By Ben Jealous, president of People For the American Way
Just when you thought far-right attacks on public education couldn’t get any more absurd, we hear about something new.
For the first time in almost 15 years, Sarasota schools this fall are turning down hundreds of free dictionaries from the local Rotary Club. Why? Because the district is afraid of violating a radical new law that’s part of Florida Gov. Ron DeSantis’s crackdown on inclusive curricula. The district can’t buy or accept any new books until it hires someone to make sure they comply with the state’s draconian censorship regulations. So, the dictionaries sit on the shelf.
The idea that dictionaries might be hazardous to kids would be laughable if it weren’t so dangerous. This new school year is starting as more states are passing laws to make it easier to ban books. States are also passing laws to stop teachers from talking about topics like racism; according to Education Week, 42 states have now enacted limits on what teachers can say about racism or sexism in the classroom.
These same political forces want to make schools teach a whitewashed version of our history and our current reality in the name of “patriotic” education. They’re trying to take over school boards to impose their political ideology on teachers and students. That’s bad for our kids. And it’s bad for our country.
The freedom to learn is at risk.
This fall, it’s more important than ever to stand for the rights of teachers to teach, and students to learn, about the full spectrum of the American experience. That means lessons that include and celebrate diverse communities. It means history that doesn’t erase the experiences of Black people, brown people, LGBTQ people, women, immigrants, people with disabilities, and other communities that have been historically marginalized. The director of the nonprofit EveryLibrary warns that the current wave of book bans amounts to “the silencing of stories and the suppressing of information” that will make “the next generation less able to function in society.”
Children learn better when they can see themselves in others and see their communities as part of the great American story. At the same time, science tells us that learning how to understand and empathize with people across differences is essential to children’s healthy development. Looking honestly at our past helps students develop critical thinking skills that are desperately needed when every smartphone is a gateway to disinformation.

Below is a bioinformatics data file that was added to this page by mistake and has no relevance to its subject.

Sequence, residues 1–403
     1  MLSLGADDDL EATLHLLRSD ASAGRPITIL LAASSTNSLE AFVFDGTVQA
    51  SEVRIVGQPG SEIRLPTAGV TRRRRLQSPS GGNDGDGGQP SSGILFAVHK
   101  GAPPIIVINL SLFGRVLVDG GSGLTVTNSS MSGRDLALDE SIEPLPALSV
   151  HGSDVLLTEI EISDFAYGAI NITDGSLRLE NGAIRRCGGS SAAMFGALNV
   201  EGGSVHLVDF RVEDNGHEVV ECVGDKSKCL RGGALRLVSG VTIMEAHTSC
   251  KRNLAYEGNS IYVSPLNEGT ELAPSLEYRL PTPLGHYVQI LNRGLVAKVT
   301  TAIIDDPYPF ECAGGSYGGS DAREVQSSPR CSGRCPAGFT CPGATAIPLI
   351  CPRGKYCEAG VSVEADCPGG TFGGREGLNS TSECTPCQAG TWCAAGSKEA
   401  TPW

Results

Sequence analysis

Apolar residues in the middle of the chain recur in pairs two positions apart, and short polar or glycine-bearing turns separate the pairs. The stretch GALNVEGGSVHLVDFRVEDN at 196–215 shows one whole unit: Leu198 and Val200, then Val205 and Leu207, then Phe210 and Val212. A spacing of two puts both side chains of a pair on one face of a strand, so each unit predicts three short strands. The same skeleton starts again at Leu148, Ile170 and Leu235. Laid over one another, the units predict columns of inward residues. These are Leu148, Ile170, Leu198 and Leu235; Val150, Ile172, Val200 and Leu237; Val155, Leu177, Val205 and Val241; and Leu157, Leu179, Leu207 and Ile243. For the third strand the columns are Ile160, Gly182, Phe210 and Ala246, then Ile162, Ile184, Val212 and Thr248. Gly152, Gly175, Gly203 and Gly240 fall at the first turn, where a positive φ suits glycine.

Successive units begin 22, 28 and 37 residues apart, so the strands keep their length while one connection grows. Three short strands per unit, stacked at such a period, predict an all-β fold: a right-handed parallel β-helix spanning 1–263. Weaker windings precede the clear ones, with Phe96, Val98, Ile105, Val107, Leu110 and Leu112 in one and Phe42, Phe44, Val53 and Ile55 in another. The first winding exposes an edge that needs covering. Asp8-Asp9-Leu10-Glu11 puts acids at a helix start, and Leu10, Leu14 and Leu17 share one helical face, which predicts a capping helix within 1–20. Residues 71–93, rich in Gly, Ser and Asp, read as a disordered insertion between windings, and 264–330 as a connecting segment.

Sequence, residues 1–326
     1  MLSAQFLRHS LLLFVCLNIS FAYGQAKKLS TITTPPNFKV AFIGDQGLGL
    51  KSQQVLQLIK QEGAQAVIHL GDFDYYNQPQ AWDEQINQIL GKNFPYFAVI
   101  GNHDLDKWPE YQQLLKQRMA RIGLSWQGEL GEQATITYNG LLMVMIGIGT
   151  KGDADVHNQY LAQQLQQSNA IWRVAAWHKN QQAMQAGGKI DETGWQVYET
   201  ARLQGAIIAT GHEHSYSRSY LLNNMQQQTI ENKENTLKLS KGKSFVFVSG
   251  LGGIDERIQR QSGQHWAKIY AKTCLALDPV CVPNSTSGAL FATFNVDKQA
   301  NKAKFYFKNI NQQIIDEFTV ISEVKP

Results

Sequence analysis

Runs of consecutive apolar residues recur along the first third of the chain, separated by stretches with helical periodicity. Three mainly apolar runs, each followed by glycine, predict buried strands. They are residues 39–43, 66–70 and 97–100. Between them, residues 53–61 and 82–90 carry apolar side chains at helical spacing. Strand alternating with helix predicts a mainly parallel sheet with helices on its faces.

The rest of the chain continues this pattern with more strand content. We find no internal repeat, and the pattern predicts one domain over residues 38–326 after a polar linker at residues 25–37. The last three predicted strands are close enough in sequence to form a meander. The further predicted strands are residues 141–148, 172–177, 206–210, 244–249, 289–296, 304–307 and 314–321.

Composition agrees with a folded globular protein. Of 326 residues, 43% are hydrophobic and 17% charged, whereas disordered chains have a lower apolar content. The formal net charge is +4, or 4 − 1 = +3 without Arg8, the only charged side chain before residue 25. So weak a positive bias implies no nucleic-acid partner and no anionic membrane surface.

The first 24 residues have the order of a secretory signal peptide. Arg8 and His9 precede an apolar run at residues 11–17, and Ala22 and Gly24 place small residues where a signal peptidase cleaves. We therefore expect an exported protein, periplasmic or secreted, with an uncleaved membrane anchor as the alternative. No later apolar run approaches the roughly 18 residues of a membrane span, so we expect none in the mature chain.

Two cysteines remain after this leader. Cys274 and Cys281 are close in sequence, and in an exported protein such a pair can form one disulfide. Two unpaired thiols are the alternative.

Democracy, too, depends on informed citizens to function. It’s no coincidence that the crowd that stormed the Capitol in 2021, was acting on lies and misinformation.
Authoritarianism feasts on ignorance. Election deniers and censors of history are in the same camp and should get nowhere near our schools.
We cannot begin to heal our divisions until we acknowledge and teach our whole history — good and bad. And we know that standing up for the freedom to learn will be a challenging task. This school year follows one in which reports of book bans and censorship reached record levels according to the American Library Association. Far-right groups and politicians are offering rewards and setting up tip lines to “report” teachers who cover “divisive” topics. School board members are receiving death threats.
But we don’t shy away from these challenges when we act from a place of love. Loving our children means being advocates for them when political extremists want to limit what they can learn. It means showing up to school board meetings and organizing to make ourselves heard. It means running for the school board.
It means rejecting one of the censors’ most harmful assumptions: that students are too fragile to hear the history our people have lived.Millions of families are getting ready to send their kids back to school. Let’s also get ready to defend the freedom to learn. Before the dictionary ends up on your district’s banned-books list. (TN TRIBUNE) The post COMMENTARY: Back to School, Back to Fighting Far-Right Attacks on Education first appeared on Post News Group. This article originally appeared in Post News Group.